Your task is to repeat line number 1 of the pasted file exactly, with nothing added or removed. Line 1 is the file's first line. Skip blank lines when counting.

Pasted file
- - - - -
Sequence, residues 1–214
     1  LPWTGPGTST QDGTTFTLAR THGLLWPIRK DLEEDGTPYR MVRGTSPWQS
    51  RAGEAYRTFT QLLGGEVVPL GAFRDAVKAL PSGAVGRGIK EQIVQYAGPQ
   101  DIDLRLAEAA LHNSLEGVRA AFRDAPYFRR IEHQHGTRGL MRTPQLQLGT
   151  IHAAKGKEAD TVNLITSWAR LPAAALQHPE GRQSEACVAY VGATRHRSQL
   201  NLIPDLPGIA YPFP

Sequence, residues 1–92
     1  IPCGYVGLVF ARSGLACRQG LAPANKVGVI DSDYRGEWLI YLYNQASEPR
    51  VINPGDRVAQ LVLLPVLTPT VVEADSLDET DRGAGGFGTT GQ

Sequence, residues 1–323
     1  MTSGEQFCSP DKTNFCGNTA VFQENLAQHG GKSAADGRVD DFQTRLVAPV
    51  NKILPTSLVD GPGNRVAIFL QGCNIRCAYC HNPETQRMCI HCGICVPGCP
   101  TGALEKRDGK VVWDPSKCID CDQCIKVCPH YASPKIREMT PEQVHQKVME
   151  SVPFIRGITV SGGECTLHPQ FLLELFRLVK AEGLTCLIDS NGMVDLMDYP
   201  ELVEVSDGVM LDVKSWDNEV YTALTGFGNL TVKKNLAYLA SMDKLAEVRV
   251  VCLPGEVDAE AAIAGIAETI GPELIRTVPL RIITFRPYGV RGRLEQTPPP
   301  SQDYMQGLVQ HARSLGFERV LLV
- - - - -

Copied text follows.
Sequence, residues 1–214